MORGANTOWN — There is an optical illusion that stands in the middle of the West Virginia basketball defense.
That is according to Kansas State head coach Bruce Weber, who likens the Mountaineers’ shot-blocking extradordinaire forward Sagaba Konate to that of a magician of sorts.
“He almost tricks you,” Weber said during Big 12 Media Day on Wednesday.
The scouting report on Konate is he dominated the Big 12 last season with 116 blocks.
That is 30 shy of the Big 12 record, set during the 2012-’13 season by Kansas’ Jeff Withey, but the way Konate goes about blocking shots is actually more remembered among Big 12 coaches than how many shots he blocks.
“He’s as good a shot blocker as I’ve ever seen,” Iowa State head coach Steve Prohm said. “But, when he goes off both feet and just grabs shots out of the air, I don’t know if I’ve ever seen anything like that before. Guys just don’t jump off both feet at the same time and do that.”
Konate needs 22 blocks to become West Virginia’s record holder for most blocks in a career. He could make a serious run at the Big 12 record this season.
All of that is just another day at the office for a 7-footer.
What makes Big 12 coaches do a double take on Konate is he’s 6-foot-8 with basketball shoes on. He is 6-foot-6 without shoes, according to his measurements at last summer’s NBA Combine.
Hence the great optical illusion.
“You see the seven-footer back there and you might hesitate,” Weber continued. “You see him, you think you have a chance. Like I said, that’s how he tricks you. He’s one of the best two-foot shot blockers I’ve ever seen. All of a sudden, it’s boom. He’s got you.”
In two regular season games against Baylor last season, Konate combined for 16 blocked shots.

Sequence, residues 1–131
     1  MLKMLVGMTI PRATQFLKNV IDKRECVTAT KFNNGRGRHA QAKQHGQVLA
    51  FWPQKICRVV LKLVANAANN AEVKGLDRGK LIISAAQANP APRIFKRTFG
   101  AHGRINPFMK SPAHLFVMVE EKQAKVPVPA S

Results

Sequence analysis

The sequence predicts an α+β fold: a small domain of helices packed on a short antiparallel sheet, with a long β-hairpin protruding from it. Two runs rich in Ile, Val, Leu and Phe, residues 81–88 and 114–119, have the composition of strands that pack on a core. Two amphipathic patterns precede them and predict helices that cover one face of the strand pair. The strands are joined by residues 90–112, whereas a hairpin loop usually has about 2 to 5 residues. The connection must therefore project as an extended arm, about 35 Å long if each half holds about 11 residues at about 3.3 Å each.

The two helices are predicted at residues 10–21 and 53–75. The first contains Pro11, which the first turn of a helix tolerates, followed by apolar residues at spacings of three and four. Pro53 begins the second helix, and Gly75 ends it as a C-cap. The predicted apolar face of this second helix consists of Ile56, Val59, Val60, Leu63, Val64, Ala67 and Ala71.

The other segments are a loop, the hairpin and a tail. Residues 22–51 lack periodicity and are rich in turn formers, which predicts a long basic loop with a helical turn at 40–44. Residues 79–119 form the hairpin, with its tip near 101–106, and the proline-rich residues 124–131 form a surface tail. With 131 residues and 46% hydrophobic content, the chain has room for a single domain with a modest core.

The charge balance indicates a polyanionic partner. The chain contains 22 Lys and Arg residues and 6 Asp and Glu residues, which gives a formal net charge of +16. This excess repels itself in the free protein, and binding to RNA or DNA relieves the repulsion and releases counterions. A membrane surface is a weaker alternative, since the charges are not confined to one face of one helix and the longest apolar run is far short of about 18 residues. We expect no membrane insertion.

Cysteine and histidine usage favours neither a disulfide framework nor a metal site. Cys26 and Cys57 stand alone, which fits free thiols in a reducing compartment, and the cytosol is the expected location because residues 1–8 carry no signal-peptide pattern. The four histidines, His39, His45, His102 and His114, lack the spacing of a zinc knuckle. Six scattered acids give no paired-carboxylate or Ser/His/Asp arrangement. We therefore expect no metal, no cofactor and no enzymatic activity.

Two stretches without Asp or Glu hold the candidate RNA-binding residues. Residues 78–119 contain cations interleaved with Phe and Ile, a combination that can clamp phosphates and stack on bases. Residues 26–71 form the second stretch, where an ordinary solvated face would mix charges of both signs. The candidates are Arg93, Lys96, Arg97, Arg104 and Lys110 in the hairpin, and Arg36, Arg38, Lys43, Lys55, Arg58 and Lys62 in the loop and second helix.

“We tried to get him drafted into the NBA single-handedly,” Baylor head coach Scott Drew said.
In the quarterfinals of the Big 12 tournament last season against the Bears, Konate blocked just two shots.
“No, we just told our guys to stop going in there,” Drew said tongue in cheek.
That option does come into play, Big 12 coaches said.
“He’s a guy you have to prepare for, especially when he’s at the back of their press,” Prohm said. “If you do have numbers and he’s there, now you have one great decision to make.”
Go at Konate or not? For TCU head coach Jamie Dixon, he tells his guys to go at Konate.
“You have to continue to attack,” Dixon said. “I don’t know if you can change the way you play. He’s going to get some blocks. Some games, he may get more than others. I don’t think you can change that aspect of it.
“We would like to make sure that he has to guard his man. That’s consistent with how we would play any big man, no matter who he is. We want to put those big guys in a position where they have to play defense on the guy they’re guarding.”
Prohm said his assistant coaches chart the number of times each game that Iowa State players get the ball into the paint.
“You can’t change that part of the game,” Prohm said. “What you can do is remind guys that if they are going to go at the rim, then to maybe get that ball up a little higher on the glass if Konate is in there.”
In the end, it makes little difference to Big 12 coaches that Konate is not some seven-footer standing in the middle, because he has earned the respect of a seven-footer.
“He has a body that maybe is two or three inches too short to be a center,” Dixon said. “But, when you have a body, athleticism and a wingspan, that makes up for those two or three inches. He certainly has those three things. That’s why he’s so successful.”
“I don’t know what his wingspan is, but it leads to a lot of blocked shots,” added Drew. “He plays a lot bigger than his size.”